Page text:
Lonely Planet's top 10 American adrenaline rushes
Storm chase in Tornado Alley
Tornado Alley stretches between the Rocky and Appalachian Mountains, covering central US states such as Oklahoma, Colorado, Arkansas, Texas and Nebraska. In spring winds spin wildly at up to 500km/h and Tornado Alley can experience more than 400 twisters. You can join one of the growing number of tornado-chasing tours. Typically, they run for six days, beginning in twister-central Oklahoma City. Using satellite radar imaging, your guides will trace and chase the big storms, delivering you to a box-seat view of twisters or giant thunderstorms. You probably are in Kansas now, Dorothy.
Head to the Oregon town of Florence to turn yourself into sandpaper at the world's first sandboarding park, set in the Oregon Dunes National Recreation Area, the largest expanse of oceanfront dunes in the United States. Sandboarding is like snowboarding for the sun worshipper - the only "down" you need worry about at the 40-acre Sand Master Park is not in your clothing, but the descents you make through this gritty version of powder.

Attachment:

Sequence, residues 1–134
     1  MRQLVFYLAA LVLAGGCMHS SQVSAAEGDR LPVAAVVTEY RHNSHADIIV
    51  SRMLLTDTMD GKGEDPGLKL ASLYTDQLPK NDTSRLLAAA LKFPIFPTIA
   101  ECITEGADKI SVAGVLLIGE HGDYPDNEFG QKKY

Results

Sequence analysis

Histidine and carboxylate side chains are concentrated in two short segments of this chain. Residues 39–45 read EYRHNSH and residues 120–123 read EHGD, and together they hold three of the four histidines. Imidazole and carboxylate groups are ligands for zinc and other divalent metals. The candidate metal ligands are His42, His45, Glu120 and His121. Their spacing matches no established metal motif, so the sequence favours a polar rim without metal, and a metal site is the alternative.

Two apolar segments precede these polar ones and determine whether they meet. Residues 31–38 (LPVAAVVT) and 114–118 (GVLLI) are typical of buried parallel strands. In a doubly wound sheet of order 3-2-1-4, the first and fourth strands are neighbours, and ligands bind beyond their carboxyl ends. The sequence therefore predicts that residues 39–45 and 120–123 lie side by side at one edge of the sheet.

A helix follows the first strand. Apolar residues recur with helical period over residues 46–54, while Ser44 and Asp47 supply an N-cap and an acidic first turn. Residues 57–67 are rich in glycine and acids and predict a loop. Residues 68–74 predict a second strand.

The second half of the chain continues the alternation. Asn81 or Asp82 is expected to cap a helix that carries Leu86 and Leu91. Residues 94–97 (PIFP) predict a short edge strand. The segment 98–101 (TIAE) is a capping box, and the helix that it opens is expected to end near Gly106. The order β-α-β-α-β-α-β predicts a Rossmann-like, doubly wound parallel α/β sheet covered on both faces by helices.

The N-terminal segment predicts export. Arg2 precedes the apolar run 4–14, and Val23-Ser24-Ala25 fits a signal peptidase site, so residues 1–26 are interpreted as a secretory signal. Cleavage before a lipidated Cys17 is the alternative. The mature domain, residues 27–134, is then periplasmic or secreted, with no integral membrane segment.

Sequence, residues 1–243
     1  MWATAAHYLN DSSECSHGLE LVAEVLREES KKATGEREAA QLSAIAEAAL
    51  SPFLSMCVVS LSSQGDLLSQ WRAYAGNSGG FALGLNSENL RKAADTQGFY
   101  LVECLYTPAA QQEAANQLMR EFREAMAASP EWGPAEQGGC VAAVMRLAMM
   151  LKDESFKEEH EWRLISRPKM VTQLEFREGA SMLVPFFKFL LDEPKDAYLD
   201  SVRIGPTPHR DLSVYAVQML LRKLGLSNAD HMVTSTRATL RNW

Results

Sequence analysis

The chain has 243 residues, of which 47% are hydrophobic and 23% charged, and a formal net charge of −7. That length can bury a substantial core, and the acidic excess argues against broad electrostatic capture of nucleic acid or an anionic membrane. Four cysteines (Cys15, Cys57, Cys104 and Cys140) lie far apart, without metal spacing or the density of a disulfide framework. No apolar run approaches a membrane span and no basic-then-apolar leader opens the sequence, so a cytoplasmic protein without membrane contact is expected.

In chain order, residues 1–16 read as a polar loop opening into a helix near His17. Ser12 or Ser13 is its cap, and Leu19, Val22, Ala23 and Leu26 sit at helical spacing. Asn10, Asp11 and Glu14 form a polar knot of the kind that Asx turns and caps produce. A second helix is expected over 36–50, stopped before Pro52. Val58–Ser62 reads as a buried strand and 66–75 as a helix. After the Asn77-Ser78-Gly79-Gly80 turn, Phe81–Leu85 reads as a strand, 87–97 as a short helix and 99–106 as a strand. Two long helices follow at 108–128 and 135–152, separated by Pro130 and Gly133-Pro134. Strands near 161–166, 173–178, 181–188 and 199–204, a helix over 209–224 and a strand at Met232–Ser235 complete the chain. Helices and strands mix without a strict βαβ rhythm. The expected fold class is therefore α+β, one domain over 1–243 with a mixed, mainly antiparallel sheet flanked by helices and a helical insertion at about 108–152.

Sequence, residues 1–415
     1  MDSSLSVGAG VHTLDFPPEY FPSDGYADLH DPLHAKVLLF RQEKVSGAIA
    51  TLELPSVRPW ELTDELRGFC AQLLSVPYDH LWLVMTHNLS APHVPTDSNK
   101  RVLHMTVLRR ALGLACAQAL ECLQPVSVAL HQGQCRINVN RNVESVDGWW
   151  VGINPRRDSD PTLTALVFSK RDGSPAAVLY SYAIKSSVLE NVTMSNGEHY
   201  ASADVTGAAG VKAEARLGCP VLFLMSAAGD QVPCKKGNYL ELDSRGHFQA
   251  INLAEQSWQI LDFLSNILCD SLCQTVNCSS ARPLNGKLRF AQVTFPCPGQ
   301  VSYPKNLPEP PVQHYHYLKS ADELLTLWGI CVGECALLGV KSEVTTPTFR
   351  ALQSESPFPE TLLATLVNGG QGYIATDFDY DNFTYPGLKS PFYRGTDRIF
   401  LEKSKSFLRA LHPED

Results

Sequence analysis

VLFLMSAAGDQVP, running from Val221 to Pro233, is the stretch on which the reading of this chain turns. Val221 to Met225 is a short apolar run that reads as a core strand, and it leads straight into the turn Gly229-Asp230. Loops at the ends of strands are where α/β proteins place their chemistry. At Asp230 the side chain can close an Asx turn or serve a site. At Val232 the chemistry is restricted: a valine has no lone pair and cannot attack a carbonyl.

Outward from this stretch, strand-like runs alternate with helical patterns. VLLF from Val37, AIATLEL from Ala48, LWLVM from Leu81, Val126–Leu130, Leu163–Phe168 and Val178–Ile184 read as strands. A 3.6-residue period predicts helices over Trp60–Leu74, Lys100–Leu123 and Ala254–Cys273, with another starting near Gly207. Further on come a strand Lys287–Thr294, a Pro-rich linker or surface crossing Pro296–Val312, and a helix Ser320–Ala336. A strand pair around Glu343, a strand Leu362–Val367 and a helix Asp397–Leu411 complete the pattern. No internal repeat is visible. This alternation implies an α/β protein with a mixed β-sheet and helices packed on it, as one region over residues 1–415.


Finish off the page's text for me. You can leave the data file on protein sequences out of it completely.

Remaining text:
Night dive with manta rays off Big Island, Hawaii
Night-dive operators shine powerful lights on the water, which attracts plankton, which in turn attracts manta rays. Divers have seen up to 10 mantas "performing" their spectacular underwater show. Spanish dancers, sleeping parrotfish, sleeping goatfish and beautiful cowries can all also be found here.
Kayaking Glacier Bay, Alaska
Ten tidewater glaciers that spill out of the mountains and fill the sea with icebergs of all shapes, sizes and shades of blue have made Glacier Bay National Park and Preserve an icy wilderness renowned worldwide. It is also a kayakers' paradise. Using the daily summer tour boat to drop you and your kayak off means your paddling options around Glacier Bay are extensive because you can be put ashore at one of several spots up bay. However you paddle, keep a watch for humpback whales, which are migratory residents here over the summer.